Friday, January 7, 2011

Massachusetts Ruling May Open The door to Voiding Florida Foreclosures

An important development happened today that could have far reaching implications on the foreclosure mess in Florida. The Massachusetts Supreme Judicial Court ruled today that, under Massachusetts law, any effort to foreclose a mortgage by a party lacking "authority" to carry out a foreclosure is void. The Court held that foreclosure plaintiffs, most of which were securitized trusts, could only foreclose and sell a homeowner's property if they were assignees of the mortgage at the time required under the law. In broad terms, since the banks didn't follow their own rules for transferring mortgages, a foreclose by a bank that owned or held a mortgage by way of a defective assignment is void.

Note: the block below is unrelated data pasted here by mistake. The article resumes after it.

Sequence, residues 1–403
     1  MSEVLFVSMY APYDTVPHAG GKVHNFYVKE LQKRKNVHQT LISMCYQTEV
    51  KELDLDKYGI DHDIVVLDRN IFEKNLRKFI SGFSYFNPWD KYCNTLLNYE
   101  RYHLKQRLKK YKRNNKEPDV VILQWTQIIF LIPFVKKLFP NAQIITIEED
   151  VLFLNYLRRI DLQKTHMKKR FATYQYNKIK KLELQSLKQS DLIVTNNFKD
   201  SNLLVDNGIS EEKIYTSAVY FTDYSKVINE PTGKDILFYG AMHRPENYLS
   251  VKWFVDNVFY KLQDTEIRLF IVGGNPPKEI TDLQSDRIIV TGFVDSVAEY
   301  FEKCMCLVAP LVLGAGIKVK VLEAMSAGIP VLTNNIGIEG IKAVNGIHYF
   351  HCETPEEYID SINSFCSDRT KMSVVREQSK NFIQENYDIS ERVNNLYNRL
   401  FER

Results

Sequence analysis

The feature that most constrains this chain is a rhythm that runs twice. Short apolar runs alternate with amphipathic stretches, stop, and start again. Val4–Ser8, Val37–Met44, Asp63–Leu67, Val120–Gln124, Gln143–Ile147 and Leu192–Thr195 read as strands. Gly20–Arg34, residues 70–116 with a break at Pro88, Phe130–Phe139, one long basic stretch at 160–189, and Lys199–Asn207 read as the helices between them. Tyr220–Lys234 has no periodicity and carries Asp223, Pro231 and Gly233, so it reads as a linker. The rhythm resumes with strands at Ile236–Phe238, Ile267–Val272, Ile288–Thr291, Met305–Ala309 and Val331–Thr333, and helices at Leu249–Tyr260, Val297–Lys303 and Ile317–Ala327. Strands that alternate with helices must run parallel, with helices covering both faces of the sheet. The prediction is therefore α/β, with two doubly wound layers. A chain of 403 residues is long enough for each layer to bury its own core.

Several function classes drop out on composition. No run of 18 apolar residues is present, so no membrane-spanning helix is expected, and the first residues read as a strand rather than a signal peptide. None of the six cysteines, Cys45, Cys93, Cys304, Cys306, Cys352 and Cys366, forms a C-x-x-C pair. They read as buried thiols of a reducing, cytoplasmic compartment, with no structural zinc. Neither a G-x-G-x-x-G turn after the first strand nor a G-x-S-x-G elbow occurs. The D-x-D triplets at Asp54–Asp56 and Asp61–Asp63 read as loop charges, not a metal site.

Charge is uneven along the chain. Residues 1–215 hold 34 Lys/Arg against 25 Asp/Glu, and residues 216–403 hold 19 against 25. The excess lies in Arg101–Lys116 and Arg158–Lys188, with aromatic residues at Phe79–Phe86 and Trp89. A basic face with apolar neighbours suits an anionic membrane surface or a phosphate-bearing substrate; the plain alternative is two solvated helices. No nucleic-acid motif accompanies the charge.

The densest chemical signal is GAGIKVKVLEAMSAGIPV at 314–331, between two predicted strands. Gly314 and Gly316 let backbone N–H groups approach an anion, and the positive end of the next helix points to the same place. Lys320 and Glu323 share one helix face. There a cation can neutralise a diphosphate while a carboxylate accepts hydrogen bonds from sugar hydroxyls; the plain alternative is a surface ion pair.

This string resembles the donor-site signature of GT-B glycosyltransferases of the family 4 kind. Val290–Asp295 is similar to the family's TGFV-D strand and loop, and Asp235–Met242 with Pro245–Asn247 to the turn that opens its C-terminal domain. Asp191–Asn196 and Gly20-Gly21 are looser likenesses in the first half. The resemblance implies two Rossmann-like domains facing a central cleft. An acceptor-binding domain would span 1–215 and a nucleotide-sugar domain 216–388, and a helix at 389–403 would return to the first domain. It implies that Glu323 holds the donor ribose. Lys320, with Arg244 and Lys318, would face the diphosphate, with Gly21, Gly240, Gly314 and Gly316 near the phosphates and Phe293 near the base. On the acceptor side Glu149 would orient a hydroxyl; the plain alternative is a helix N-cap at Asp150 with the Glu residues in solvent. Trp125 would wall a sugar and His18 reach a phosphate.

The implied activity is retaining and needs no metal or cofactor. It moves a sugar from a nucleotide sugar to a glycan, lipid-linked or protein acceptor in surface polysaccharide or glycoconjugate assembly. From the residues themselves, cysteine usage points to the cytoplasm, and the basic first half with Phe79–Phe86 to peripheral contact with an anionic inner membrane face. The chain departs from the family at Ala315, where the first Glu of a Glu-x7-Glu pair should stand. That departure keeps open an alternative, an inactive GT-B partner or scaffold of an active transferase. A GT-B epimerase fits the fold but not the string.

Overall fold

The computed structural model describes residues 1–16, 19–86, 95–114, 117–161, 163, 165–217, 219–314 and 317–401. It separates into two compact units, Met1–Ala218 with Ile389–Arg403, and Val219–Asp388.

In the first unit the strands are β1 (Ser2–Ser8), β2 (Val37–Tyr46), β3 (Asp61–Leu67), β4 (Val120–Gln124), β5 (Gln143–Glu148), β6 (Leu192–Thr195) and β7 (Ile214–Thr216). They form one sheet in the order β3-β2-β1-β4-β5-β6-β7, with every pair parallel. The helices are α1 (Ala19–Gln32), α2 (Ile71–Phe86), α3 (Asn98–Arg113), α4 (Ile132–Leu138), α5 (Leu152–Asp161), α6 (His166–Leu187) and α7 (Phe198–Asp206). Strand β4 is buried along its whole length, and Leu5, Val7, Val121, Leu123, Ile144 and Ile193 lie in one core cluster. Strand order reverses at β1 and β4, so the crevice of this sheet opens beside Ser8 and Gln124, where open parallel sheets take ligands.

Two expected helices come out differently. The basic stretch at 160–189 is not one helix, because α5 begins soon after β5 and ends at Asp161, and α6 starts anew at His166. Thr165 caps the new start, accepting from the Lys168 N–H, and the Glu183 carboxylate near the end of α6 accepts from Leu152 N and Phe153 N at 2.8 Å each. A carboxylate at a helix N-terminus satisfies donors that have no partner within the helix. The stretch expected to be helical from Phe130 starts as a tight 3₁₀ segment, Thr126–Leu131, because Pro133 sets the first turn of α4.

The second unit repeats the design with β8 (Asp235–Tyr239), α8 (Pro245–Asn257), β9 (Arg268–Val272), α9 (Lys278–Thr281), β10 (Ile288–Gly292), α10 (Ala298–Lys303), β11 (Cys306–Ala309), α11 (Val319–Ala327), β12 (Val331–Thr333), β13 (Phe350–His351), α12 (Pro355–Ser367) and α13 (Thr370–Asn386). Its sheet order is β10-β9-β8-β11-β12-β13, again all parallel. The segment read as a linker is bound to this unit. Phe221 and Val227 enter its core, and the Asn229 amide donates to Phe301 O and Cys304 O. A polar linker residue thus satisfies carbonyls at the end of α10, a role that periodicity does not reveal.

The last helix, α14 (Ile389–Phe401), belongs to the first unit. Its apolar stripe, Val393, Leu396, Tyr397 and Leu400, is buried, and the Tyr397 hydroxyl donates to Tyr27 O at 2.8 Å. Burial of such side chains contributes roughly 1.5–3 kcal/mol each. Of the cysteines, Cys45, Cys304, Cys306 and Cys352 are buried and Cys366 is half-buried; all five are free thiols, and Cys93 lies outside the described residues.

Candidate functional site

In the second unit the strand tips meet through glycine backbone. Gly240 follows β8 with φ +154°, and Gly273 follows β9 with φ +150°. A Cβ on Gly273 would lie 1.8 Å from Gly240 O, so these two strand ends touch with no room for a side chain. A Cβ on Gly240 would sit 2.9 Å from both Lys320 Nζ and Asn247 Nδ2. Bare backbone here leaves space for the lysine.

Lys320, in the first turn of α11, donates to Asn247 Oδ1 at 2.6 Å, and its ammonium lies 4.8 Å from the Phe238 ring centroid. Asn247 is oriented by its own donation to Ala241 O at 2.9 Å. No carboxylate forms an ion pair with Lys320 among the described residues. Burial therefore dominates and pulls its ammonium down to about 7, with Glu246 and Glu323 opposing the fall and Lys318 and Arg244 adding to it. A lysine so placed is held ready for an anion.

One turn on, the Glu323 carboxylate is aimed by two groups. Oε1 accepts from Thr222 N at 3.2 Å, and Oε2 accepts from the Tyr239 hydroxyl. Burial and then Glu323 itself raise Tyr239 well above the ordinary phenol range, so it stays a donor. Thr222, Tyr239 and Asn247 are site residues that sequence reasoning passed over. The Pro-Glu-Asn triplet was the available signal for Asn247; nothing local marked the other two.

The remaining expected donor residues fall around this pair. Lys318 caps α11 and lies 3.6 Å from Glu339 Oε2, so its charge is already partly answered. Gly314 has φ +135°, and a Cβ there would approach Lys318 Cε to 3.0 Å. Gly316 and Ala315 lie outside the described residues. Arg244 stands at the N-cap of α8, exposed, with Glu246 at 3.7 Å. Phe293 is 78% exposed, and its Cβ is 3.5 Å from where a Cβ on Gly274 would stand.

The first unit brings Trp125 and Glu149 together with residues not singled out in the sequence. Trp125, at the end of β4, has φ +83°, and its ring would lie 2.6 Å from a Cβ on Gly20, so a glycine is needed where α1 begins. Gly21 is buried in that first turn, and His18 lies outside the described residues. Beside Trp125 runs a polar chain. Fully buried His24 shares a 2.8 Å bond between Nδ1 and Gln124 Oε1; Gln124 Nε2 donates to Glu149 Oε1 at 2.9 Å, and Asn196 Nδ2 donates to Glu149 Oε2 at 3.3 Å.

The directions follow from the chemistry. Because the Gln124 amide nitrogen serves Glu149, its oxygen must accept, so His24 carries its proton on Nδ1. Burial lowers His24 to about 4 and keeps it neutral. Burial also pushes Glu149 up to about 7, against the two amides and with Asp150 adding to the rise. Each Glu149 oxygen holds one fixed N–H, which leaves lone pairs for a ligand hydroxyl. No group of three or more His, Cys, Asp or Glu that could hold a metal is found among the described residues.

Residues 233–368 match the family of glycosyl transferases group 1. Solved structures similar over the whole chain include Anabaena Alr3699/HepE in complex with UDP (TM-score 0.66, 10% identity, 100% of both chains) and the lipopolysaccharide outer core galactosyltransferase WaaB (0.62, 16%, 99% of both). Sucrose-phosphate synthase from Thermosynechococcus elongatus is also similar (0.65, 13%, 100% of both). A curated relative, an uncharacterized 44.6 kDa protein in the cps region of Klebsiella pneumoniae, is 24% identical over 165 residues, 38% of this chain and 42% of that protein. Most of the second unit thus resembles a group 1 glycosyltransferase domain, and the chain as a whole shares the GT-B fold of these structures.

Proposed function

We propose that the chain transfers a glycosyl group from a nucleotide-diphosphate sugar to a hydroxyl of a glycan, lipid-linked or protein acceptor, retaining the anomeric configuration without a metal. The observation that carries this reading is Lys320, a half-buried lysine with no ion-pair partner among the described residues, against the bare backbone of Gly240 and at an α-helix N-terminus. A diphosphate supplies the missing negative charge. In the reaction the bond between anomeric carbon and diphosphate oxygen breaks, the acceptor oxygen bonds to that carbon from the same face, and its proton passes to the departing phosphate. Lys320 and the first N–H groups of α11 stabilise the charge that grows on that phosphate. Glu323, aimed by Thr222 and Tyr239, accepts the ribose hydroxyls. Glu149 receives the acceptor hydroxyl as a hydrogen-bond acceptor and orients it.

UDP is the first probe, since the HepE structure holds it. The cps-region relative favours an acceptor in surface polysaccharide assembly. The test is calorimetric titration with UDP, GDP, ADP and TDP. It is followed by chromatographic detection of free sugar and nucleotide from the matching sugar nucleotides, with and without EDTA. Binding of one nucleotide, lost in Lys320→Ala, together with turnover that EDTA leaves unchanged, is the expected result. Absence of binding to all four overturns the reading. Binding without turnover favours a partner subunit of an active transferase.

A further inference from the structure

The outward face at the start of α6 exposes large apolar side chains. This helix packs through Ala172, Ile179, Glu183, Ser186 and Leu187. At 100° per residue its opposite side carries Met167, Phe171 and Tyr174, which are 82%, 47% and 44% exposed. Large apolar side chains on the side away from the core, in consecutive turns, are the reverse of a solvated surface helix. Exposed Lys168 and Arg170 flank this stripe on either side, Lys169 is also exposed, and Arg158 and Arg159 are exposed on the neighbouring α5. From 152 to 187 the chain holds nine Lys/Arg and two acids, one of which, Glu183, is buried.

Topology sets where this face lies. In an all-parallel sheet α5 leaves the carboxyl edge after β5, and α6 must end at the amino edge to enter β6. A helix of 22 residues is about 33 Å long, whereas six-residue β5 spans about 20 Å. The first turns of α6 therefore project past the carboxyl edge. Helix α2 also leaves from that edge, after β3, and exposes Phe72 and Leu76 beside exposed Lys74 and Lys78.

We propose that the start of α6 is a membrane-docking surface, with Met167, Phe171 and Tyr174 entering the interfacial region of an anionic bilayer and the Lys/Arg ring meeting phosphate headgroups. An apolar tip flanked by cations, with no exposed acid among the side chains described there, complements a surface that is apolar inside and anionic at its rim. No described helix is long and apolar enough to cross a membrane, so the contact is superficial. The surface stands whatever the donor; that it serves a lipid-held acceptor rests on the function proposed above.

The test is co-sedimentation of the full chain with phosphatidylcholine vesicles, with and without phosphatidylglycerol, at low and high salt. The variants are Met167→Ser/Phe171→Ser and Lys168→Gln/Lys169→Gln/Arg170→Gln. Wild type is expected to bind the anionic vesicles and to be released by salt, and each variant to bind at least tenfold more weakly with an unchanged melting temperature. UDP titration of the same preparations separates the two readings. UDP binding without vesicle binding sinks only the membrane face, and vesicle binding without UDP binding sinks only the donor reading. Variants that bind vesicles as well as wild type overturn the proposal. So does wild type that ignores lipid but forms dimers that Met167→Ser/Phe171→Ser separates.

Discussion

Another way of saying that is if a mortgage is not properly assigned in Massachusetts, a bank/lender cannot foreclose. The issue of improper assignments and their enforceability is a defense that experienced Florida foreclosure defense attorneys have been raising for a while now.

In its opinion, the Massachusetts highest court cited a 1990 Florida appellate court case that held a foreclosure action could not be based on assignment of mortgage dated four months after commencement of the action. Additionally, the banks in the Massachusetts case conceded that assignments of mortgages in blank did not constitute a lawful assignment of the mortgages, which should help defense attorneys in those types of cases. Also, the Court discussed other issues which may be helpful to homeowners, including matters related to the concept of the mortgage following the note.

Basically, this was a win for homeowners. This ruling may open the door to invalidating some foreclosures and force loan originators to buy back mortgages wrongly transferred into loan pools. Stay tuned.